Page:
Marshalling, Contribution and Subrogation | TPA, 1882

By | April 13, 2020
Marshalling

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The article seeks to explain marshalling securities, contribution and subrogation as under Transfer of Property Act, 1882. Marshalling means an arrangement in this context it means, the arrangement of mortgages to ensure equity to the mortgagees. A contribution is the contribution of the mortgaged properties in paying bad the debt. The difference here is that under marshalling one or more properties belong to one person but in contribution, their properties belong to two or more persons. Subrogation is a right of a person to stand in the place of the creditor after paying off his liabilities.

Marshalling, Contribution and Subrogation explained as Under Transfer Of Property Act, 1882

I. Marshalling securities (S. 81) –

  1. If the owner of two or more properties mortgaged them to one person and then mortgages one or more of the properties to another person,

  2. The subsequent mortgagee is, in the absence of a contract to the contrary, entitled to have the prior mortgage-debt satisfied out of the property or properties not mortgaged to him, so far as the same will extend,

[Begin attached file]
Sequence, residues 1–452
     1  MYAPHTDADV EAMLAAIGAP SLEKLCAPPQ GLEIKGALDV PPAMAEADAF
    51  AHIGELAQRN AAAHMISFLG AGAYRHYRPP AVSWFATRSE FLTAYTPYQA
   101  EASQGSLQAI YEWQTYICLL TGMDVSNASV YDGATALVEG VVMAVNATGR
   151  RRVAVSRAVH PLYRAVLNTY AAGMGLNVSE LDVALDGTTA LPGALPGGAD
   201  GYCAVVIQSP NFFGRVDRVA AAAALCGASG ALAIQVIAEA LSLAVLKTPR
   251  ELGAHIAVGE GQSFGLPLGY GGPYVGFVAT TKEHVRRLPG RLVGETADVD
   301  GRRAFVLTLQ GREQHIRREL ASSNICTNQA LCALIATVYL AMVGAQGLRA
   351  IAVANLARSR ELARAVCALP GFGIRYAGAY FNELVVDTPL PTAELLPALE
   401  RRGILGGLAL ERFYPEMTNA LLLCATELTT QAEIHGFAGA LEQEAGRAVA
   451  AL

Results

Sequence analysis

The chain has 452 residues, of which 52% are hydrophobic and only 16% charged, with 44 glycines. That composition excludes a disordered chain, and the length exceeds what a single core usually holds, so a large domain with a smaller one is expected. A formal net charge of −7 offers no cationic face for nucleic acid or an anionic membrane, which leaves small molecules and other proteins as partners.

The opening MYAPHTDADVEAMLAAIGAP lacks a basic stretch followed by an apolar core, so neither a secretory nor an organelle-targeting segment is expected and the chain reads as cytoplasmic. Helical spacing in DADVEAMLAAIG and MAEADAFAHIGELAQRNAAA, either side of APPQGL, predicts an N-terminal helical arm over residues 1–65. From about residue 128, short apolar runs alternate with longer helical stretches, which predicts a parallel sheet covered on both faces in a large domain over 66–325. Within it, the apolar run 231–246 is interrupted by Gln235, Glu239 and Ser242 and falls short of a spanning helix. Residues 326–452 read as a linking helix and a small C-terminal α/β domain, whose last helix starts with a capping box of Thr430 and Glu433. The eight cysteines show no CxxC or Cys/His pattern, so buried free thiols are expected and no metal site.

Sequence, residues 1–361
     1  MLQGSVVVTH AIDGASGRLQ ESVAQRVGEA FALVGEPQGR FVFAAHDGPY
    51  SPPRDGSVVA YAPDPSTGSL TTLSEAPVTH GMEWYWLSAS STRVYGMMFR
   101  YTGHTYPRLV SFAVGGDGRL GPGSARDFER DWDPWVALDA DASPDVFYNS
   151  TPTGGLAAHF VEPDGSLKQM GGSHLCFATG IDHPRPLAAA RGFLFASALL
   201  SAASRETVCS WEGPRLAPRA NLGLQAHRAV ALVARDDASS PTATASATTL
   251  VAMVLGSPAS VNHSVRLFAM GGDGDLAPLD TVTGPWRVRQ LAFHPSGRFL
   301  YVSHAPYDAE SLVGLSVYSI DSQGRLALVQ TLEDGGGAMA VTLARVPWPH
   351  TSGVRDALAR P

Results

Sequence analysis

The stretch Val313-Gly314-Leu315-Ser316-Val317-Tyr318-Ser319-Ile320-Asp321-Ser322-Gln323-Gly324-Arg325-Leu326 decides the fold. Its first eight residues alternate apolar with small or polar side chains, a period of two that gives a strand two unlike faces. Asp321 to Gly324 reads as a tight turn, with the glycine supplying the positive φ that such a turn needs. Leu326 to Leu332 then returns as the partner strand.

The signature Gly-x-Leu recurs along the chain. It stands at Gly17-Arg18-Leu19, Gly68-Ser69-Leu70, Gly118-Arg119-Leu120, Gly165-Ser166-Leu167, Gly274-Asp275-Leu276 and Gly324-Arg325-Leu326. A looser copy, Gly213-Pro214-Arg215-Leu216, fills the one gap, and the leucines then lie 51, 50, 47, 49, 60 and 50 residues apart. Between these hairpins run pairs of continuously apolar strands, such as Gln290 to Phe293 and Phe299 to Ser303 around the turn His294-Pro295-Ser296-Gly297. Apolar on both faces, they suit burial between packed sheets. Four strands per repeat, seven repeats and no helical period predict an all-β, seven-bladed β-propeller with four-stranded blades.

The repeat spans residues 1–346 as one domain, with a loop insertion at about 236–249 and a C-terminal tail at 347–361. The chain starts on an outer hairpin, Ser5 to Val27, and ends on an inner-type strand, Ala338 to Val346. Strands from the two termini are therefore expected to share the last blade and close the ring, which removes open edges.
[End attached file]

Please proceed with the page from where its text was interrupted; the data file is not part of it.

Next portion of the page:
3. But not so as to prejudice the rights of the prior mortgagee or of any other person who has for consideration acquired an interest in any of the properties.

Marshalling means arranging things. Section 56 gives the right of marshalling to a subsequent purchaser and section 81 confers a similar right on puisne mortgagees.

This right arises when the owner of two or more properties mortgages them to one person and then mortgages one or more of them (already mortgaged to the first mortgagor) to another person. The subsequent mortgagee is entitled, unless there is a contract to the contrary, to have the prior mortgage-debt satisfied out of properties not mortgaged to him.

If there are two creditors who have taken securities for their respective debts, and the security of the one is confined to both, the security of the other is confined to one of those funds, the court will arrange or marshal the assets, so as to throw the person who has two funds liable to his demand on that which is not liable to the debt of the second creditor i.e., it shall not depend upon the will of one creditor to disappoint another.[i]